|Publication number||US4343527 A|
|Application number||US 06/145,194|
|Publication date||Aug 10, 1982|
|Filing date||Apr 29, 1980|
|Priority date||Apr 29, 1980|
|Publication number||06145194, 145194, US 4343527 A, US 4343527A, US-A-4343527, US4343527 A, US4343527A|
|Inventors||Patrick C. Harrington, Milton I. Levin, Walter H. Shope, Max K. Wilson|
|Original Assignee||Western Electric Company, Inc.|
|Export Citation||BiBTeX, EndNote, RefMan|
|Patent Citations (14), Referenced by (12), Classifications (7), Legal Events (1)|
|External Links: USPTO, USPTO Assignment, Espacenet|
This invention relates to a telephone connecting device, and more particularly to a connecting device which is specially capable of being mounted in a wall and connected to service wiring to facilitate the later connection of a telephone to the service wiring.
Customer telephone equipment today is marketed to be compatible with a system which is characterized as being modular. As applied to telephone station equipment which is normally used by a telephone subscriber, a modular system involves telephone handsets, cords and wall receptacles which are easily interconnected through a system of modular plugs and jacks to service wiring. Modular plugs and jacks are described in U.S. Pat. Nos. 3,860,316 and 3,990,764 for example which issued on Jan. 14, 1975 and on Nov. 9, 1976 in the name of E. C. Hardesty and in the name of C. L. Krumreich, respectively.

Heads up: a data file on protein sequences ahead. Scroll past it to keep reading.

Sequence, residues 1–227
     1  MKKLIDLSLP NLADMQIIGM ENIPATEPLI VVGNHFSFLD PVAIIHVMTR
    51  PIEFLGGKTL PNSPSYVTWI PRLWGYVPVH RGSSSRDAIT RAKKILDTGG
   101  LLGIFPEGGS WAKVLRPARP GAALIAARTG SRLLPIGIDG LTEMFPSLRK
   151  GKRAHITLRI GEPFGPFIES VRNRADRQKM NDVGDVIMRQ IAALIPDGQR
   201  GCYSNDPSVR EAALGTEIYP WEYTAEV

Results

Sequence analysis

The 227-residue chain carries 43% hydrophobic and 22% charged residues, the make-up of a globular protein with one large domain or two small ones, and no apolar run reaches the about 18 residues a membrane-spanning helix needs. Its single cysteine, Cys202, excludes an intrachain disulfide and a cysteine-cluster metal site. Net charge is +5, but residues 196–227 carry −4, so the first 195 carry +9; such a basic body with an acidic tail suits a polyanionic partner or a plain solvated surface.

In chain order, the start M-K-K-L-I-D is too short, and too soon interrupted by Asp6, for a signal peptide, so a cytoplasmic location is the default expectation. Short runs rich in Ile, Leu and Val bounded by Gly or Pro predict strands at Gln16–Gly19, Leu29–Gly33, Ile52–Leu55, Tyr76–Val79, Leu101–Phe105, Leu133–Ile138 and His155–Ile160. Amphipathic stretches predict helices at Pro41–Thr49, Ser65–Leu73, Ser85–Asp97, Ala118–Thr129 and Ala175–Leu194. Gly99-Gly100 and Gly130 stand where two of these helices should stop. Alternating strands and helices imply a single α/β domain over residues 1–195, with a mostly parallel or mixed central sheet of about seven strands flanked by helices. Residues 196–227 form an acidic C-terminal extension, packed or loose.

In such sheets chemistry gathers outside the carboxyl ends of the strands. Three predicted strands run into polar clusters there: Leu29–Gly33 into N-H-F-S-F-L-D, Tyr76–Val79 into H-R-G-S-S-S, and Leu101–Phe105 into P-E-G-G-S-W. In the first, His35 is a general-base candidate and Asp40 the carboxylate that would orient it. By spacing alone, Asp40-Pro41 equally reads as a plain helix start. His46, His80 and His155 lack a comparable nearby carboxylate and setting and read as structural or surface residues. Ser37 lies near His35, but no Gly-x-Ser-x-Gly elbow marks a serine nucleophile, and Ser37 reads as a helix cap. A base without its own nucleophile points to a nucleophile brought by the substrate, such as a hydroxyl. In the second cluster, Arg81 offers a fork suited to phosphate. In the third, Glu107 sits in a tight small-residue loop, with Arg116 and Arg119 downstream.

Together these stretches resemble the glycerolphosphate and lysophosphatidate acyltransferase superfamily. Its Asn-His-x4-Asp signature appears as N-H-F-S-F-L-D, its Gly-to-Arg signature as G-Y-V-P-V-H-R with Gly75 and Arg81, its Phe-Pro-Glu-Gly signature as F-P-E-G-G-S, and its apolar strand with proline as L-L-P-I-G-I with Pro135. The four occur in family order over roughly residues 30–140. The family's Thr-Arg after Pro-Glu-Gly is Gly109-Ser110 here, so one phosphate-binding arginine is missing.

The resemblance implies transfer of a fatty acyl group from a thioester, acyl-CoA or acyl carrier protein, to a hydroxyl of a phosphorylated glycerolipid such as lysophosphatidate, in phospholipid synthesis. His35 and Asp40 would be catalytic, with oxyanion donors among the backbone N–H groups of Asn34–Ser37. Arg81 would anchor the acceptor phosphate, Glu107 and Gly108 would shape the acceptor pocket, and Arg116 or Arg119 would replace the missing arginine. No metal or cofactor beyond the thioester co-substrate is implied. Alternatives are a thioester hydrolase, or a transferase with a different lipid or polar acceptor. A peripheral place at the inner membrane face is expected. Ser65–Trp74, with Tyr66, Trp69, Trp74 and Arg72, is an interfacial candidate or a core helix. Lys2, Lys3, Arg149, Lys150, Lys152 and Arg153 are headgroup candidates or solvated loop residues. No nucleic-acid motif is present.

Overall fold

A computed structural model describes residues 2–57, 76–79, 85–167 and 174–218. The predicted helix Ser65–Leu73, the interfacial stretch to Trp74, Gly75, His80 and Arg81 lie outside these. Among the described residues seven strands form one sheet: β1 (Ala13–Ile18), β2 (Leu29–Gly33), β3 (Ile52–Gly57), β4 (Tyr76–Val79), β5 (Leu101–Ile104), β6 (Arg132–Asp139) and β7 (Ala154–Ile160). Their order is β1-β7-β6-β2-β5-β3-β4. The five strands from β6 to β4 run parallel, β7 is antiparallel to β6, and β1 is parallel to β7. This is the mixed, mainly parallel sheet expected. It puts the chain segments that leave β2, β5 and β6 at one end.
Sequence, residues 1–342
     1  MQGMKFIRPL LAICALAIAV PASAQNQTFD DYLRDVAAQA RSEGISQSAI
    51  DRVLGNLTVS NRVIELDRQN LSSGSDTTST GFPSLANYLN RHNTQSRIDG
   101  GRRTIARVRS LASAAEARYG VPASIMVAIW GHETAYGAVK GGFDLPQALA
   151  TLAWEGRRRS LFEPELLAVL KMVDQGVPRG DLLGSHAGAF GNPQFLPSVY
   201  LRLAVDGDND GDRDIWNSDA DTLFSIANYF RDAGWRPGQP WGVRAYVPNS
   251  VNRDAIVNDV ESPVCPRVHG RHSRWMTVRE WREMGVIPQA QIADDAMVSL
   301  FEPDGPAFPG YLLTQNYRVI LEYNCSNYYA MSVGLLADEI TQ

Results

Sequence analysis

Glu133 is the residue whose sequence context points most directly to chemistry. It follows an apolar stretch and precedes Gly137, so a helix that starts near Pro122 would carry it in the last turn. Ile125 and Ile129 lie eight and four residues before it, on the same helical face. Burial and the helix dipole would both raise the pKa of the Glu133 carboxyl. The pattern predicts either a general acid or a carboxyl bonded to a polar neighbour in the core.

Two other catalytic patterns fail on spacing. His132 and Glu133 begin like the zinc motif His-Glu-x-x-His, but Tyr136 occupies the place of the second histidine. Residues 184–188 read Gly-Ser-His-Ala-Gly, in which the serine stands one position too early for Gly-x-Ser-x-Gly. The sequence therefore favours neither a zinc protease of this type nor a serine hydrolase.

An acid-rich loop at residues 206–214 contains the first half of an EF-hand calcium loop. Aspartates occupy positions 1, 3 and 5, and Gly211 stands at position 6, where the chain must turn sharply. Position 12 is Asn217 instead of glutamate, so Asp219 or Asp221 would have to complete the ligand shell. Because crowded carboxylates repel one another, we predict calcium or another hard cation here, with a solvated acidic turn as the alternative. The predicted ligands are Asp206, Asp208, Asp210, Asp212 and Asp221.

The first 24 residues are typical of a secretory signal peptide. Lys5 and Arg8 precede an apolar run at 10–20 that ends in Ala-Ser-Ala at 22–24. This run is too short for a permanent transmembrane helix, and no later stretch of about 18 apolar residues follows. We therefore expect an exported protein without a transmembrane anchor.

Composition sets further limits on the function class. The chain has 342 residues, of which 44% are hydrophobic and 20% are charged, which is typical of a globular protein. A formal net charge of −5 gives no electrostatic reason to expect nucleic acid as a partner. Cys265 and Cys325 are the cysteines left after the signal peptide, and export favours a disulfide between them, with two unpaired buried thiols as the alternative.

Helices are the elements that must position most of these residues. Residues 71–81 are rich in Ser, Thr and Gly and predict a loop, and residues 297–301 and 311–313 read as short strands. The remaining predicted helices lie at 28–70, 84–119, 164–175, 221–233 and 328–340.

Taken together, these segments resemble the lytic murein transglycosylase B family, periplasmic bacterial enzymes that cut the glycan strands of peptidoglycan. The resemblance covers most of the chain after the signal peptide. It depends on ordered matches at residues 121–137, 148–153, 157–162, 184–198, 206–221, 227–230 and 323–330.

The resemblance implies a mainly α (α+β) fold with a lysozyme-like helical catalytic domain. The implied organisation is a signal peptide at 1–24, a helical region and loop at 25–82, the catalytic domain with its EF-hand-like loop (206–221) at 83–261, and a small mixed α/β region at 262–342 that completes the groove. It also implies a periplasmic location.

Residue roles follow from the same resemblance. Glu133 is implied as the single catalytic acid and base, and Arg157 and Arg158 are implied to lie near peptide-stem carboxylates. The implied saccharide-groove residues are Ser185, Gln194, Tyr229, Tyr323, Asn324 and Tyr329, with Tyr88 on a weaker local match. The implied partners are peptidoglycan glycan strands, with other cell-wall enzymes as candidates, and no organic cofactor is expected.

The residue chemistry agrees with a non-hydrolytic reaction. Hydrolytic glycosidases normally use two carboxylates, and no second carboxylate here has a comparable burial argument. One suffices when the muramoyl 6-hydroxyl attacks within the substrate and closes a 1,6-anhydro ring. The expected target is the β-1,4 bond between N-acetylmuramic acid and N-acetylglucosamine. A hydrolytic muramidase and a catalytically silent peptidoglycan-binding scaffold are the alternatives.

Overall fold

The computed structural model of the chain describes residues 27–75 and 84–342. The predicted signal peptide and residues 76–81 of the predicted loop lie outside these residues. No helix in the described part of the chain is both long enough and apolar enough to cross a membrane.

It has been the usual practice for a telephone operating company to prewire newly constructed homes with outlets being placed in ones of the rooms and for craftspersons to later revisit the homes on an individual basis as new service, additional service or changed service is required. This practice involves the additional expense of a second visit to a location by the craftsperson.
Seemingly, this second visit could be obviated by installing an outlet box which includes an exposed modular jack. By this technique, which is referred to as pre-jacking, a customer need only acquire a telephone handset of his or her choice and a line cord which is terminated at each of its ends with a modular plug such as that disclosed in above-identified U.S. Pat. No. 3,860,316 and then insert one plug end of the line cord into the wall outlet jack and the other end into a jack mounted in the handset.
The problem with this obvious and simplistic approach is that under existing regulations in some states, a pre-jacking tariff would attach to the outlet once the exposed jack is installed. What is needed is a wall mountable connecting device which is installed by a craftsperson with service wiring connected thereto and which is capable of having a store-acquired modular jack assembled thereto so that it is exposed to a room and connected to the service wiring to provide a communications path from the jack into the telephone network.
Even in those states in which there is no pre-jacking tariff, the installation of a face plate which includes an exposed jack by a craftsperson during the construction of a home, for example, is not an acceptable solution to the problem of multiple visits by the craftsperson. If the craftsperson were to attach an outlet box to a wall stud and then install the face plate with an exposed jack, the installation of the wall board or other wall finish material in the usual manner would most likely result in damage to the face plate which is intended to engage the outer surface of the wall finish material.